“O Lord, if I could fly to my people and tell them of your Goodness at the top of my voice: oh, how many souls would be won!” - St. Josephine Bakhita
St. Josephine Bakhita A Spirit of Wisdom, Hope & Love
The region of Darfur in southern Sudan has been etched in the hearts and minds of millions of people since 2003, when political conflict erupted which has resulted in the slaughter and death from disease of more than 450,000 people. As many as 2.5 million people have been displaced from their villages and homes.
Although she came into the world over 100 years earlier, St. Josephine Bakhita knew the horror of losing her family and home. Born in 1868 in the village of Olgossa in Darfur, Josephine was a small child out walking one day when she was kidnapped by slave traders. Never to see her family again, she was so traumatized by the event that she forgot even her name. The slave traders then gave her the name, “Bakhita”, which means “Fortunate One”. Though the tiny child did not realize it then, her name would prove to be prophetic.
At first Bakhita was traded from one owner to another. Some were kind, others cruel. One master, a Turkish general, had her “branded” with over 100 razor cuts on her body. She accepted all these trials with quiet dignity. Finally, however, she was traded to the family of Augusto Michielli, who treated her well. She became the nanny for their little daughter, and so accompanied her to catechism classes given by the Canossian Sisters. There Bakhita learned about Christianity and felt at home for the first time in many years. “These holy Mothers - she said in 1910 - with heroic patience instructed me and led me to know God whom I had sensed in my heart since a child without knowing who He was.”
Bakhita was then baptized and confirmed, taking the name Josephine. Three years later she entered the novitiate of the Canossian Daughters of Charity. She served her community as a doorkeeper, also doing cooking and sewing. Her gentle nature and great humility were recognized by all who knew her.
St. Josephine Bakhita, when asked about the state of her health or how she was feeling, always answered with a smile: “As the Master desires.” She accepted that every area of her life was controlled by God. Can we incorporate this aspect of her spirituality into our own lives, by a joyful acceptance of God’s will in all circumstances? Let us ask this quiet saint to help us when we struggle with issues in our lives which we don’t understand.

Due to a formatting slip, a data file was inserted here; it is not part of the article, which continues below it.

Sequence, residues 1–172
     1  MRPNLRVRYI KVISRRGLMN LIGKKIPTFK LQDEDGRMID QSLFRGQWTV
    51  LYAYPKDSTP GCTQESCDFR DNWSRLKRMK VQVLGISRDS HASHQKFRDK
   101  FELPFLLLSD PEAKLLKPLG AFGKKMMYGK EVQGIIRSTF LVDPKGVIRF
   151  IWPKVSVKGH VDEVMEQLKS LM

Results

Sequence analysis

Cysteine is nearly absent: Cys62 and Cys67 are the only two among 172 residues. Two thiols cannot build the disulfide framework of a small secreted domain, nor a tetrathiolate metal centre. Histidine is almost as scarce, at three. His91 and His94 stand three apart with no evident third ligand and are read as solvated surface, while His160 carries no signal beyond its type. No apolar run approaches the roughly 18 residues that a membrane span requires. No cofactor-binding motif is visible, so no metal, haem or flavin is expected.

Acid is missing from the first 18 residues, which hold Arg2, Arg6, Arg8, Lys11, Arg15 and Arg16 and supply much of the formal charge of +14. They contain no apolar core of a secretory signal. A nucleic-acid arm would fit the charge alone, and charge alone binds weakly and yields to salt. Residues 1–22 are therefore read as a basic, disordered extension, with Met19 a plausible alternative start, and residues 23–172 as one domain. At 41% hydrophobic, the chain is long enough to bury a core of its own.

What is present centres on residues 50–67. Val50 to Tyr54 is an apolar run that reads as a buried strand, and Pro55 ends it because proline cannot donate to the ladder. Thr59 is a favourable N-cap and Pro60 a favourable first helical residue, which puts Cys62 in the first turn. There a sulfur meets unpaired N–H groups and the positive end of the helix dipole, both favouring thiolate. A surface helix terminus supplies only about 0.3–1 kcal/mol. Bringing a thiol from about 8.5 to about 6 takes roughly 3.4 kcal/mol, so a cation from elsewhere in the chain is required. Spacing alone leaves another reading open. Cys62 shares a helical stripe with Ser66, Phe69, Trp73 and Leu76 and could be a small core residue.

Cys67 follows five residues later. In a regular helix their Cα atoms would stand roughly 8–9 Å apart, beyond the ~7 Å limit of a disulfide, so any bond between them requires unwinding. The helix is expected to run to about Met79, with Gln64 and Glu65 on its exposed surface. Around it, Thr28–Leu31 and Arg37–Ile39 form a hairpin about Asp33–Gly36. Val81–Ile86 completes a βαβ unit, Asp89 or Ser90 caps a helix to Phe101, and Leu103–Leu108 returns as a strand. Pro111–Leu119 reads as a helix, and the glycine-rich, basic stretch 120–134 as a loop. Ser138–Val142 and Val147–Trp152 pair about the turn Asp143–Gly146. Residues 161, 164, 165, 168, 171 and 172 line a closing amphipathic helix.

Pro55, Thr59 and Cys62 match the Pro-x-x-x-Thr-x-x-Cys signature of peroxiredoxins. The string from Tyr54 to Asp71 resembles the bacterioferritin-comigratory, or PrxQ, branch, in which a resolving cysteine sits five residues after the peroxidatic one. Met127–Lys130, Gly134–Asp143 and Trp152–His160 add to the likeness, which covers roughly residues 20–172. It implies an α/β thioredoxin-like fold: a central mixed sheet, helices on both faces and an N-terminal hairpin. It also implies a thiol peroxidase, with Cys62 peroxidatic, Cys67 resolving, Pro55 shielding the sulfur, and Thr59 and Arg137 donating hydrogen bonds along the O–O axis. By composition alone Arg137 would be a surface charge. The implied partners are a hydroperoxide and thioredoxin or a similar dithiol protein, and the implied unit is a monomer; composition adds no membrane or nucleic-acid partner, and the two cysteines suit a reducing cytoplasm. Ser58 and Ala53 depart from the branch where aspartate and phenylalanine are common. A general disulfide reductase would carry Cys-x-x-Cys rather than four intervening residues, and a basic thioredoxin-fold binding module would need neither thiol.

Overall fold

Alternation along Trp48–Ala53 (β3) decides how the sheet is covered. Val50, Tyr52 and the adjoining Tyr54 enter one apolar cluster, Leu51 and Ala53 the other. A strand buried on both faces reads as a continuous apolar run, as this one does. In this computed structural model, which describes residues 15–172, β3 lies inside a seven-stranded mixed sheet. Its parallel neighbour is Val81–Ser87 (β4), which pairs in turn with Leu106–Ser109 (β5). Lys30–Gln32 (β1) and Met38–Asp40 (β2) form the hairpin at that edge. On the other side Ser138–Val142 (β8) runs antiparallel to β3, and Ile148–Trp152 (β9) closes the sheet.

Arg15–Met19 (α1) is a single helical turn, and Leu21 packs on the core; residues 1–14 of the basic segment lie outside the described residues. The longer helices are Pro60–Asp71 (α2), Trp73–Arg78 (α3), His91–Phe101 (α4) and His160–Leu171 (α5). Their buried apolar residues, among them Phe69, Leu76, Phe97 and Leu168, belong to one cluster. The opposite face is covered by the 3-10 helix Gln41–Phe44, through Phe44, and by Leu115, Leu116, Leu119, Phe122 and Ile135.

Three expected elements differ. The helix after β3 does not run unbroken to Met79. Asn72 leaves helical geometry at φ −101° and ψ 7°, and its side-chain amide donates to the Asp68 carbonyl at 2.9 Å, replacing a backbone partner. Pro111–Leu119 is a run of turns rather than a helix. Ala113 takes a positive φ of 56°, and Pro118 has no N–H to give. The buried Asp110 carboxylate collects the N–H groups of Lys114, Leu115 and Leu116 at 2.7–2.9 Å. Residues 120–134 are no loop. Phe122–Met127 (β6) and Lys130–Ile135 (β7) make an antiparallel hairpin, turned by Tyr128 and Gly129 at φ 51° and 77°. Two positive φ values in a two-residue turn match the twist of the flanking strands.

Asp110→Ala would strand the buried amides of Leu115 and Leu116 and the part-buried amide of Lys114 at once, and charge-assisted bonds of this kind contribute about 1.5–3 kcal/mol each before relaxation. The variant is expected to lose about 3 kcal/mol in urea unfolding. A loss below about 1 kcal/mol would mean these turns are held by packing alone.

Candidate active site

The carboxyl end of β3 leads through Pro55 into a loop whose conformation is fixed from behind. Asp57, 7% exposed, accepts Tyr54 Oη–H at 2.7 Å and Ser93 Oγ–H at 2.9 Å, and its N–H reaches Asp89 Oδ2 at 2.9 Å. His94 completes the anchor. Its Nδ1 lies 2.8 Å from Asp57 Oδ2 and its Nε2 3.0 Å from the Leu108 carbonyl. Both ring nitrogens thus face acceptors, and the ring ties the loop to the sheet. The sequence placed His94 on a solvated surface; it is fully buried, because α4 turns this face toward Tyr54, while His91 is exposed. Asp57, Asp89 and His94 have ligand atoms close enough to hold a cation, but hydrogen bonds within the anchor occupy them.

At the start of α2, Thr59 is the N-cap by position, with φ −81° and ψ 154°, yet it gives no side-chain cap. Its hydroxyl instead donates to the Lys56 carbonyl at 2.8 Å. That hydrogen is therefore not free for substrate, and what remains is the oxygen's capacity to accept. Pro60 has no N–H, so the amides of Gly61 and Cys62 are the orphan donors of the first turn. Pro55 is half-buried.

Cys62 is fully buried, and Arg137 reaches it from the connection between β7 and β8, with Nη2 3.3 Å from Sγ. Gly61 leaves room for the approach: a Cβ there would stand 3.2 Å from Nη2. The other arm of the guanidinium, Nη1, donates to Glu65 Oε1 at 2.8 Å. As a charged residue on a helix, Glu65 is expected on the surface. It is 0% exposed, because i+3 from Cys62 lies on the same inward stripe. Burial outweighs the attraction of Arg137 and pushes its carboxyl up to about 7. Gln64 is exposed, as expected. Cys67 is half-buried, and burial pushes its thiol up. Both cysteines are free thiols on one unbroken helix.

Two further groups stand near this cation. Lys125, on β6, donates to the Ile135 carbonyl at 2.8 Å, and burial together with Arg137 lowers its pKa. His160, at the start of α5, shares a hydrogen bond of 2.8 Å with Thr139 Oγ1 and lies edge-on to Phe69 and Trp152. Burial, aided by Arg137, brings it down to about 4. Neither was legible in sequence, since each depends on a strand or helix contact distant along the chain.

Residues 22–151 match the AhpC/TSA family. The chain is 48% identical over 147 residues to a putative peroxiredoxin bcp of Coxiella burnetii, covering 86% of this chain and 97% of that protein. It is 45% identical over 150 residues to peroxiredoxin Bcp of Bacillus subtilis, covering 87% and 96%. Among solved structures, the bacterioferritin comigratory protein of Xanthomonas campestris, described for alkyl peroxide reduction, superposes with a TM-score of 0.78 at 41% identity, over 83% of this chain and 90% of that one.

Bakhita surely became a “fortunate one” when she accepted Christ as her savior and master. She exemplified a truly hopeful spirit as she endured humiliation and suffering. As Pope Benedict XVI writes in his encyclical, “Spe Salvi”: “Now she had hope - no longer simply the modest hope of finding masters who would be less cruel, but the great hope: ‘I am definitely loved and whatever happens to me - I am awaited by this Love. And so my life is good.’ Through the knowledge of this hope she was ‘redeemed’, no longer a slave, but a child of God.” On her feast day of February 8th, remember her by offering this prayer: Loving God, rewarder of the humble, you blessed Saint Josephine Bakhita with charity and patience. May her prayers help us, and her example inspire us to carry our cross and to love you always. Pour upon us the spirit of wisdom, hope and love with which you filled St. Josephine Bakhita. By serving you as she did, may we please you by our faith and our actions. Amen!
St. Josephine’s understanding of her faith allowed her to forgive even those who mistreated her: “If I were to meet the slave-traders who kidnapped me and even those who tortured me, I would kneel and kiss their hands, for if that did not happen I would not be a Christian and Religious today…” Surely forgiveness is a cornerstone of our faith. When we forgive others, or ask for forgiveness, healing takes place within our own soul. It’s a “win-win” situation! Let us resolve to be more merciful to those around us, remembering that God is merciful to us each day.
The life of St. Josephine Bakhita inspires us to an acceptance of circumstances beyond our control, hope for the future, and forgiveness of others. May we live our lives as she did, always dependent upon God for his love, mercy and guidance.